February 16, 2018
The Affordable Care Act’s Medicaid expansion has been linked to better access to surgery—and higher-quality surgical care, at that—according to findings of a study of 300,000 patients nationwide by Harvard T.H. Chan School of Public Health released online in the January 24 edition of JAMA Surgery.
“What was most striking was that we saw significant improvements in the treatment of surgical conditions fairly quickly, less than two years after states expanded Medicaid coverage,” said lead author Andrew Loehrer, who conducted the study as a research fellow at Harvard Chan School.
Previous studies have examined the impact of the expansion of Medicaid by the ACA (also known as Obamacare) on a range of outcomes in medical areas such as primary care, prescription medication use, and self-reported health— generally finding favorable results. But this is the first study showing similar benefits for serious conditions requiring surgery.
The researchers looked at five years’ worth of data from patients across 42 U.S. states who were admitted to hospitals for one of five common surgical conditions: appendicitis, cholecystitis, diverticulitis, peripheral artery disease (PAD), or aortic aneurysm. They analyzed trends in insurance coverage, timeliness of surgical care, and care outcomes—both before the ACA’s Medicaid expansion (2010-13) and after (2014-15)—comparing 27 states that chose to expand their Medicaid programs with 15 that chose not to expand.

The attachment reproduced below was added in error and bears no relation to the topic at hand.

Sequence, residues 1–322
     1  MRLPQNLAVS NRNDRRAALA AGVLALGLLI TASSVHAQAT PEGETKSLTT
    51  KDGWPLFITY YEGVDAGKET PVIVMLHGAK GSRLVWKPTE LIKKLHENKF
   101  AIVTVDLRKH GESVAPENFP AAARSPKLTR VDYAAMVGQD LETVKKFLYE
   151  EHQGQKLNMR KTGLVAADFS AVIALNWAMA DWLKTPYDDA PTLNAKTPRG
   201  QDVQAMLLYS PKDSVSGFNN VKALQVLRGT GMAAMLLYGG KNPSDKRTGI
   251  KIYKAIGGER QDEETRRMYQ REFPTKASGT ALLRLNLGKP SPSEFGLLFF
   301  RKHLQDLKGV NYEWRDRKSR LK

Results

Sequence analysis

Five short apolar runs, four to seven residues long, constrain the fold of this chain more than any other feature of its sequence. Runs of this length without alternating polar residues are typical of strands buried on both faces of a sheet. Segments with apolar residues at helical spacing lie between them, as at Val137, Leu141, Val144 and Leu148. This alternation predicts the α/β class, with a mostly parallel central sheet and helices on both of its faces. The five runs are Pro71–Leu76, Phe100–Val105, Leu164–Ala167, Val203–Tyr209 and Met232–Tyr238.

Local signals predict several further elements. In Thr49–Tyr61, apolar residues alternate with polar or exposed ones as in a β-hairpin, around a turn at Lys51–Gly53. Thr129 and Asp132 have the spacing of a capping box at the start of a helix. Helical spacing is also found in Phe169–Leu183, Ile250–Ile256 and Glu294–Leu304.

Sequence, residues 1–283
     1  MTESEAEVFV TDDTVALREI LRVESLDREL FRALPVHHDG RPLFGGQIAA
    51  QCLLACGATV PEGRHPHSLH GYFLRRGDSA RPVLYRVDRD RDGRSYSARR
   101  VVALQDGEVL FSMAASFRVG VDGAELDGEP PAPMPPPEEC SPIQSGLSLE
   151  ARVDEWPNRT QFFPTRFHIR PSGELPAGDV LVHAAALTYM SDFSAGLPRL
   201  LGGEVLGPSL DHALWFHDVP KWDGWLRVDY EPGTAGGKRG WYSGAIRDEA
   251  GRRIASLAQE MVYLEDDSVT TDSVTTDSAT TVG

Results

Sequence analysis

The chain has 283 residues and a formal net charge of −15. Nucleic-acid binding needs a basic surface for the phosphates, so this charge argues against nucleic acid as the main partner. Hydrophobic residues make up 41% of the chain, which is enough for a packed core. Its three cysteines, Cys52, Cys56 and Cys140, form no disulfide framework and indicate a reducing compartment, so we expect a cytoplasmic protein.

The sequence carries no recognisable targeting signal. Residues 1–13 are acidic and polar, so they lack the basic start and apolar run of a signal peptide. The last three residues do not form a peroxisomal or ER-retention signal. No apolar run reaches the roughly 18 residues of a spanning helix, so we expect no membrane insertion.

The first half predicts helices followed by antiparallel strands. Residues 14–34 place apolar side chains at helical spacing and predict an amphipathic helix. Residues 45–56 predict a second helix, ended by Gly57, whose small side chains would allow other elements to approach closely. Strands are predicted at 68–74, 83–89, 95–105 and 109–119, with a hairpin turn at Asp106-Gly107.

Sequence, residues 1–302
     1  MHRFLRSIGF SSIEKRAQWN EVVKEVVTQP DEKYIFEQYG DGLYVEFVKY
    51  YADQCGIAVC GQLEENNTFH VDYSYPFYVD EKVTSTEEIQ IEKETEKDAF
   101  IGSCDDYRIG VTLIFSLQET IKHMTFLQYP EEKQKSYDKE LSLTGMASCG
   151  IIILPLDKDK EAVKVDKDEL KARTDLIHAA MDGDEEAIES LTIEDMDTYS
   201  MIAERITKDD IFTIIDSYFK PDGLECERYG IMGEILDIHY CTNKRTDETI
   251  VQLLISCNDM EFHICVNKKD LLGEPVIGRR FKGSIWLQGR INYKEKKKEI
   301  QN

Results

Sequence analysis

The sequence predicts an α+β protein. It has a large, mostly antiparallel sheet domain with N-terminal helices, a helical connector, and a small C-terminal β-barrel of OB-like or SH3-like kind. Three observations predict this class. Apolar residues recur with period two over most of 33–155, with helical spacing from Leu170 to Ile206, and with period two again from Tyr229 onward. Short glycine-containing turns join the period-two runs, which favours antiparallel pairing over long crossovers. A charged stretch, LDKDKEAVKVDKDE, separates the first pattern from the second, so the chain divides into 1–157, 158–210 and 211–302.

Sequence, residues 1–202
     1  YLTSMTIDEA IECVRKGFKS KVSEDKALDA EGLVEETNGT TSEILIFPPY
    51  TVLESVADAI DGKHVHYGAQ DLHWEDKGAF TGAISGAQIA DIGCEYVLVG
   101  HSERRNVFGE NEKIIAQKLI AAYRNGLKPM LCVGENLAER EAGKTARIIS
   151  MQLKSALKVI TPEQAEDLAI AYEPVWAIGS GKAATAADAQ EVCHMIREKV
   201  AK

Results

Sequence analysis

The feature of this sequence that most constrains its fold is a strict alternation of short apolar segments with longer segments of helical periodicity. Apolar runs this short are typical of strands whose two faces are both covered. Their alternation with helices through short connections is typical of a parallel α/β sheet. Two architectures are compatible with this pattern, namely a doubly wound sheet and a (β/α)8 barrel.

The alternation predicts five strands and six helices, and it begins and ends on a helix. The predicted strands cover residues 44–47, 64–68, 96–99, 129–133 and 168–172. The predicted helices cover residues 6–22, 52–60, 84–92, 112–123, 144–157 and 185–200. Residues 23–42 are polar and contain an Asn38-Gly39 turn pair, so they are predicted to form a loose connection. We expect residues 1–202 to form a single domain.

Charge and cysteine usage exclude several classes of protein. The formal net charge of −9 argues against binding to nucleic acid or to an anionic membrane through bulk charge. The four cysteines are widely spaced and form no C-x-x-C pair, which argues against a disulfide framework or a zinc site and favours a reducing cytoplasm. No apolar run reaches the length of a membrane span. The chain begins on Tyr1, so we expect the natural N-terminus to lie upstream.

The study found that Medicaid expansion was associated with:
- A 7.5-percentage-point decrease in the probability of patients being uninsured;
- An 8.6-percentage-point increased probability of patients having Medicaid;
- A 1.8-percentage-point increase in the probability of patients seeking care earlier, before their surgical conditions became complicated; and
- A 2.6-percentage-point increase in patients’ probability of receiving optimal care
They speculated that the ACA’s Medicaid expansion led patients with surgical conditions to seek treatment before complications set in. Being treated for these conditions earlier makes it more likely that they will have better health outcomes, the authors said.
“The fate of the ACA and Medicaid remain … a key policy debate,” said senior author Benjamin Sommers, associate professor of Health Policy and Economics at Harvard Chan School. “As policymakers continue to discuss major changes to the ACA, and the Trump administration advances reforms that could lead to fewer people covered by Medicaid, our findings provide important new evidence that Medicaid expansion is improving the quality of care for serious conditions affecting tens of thousands of Americans every year.”
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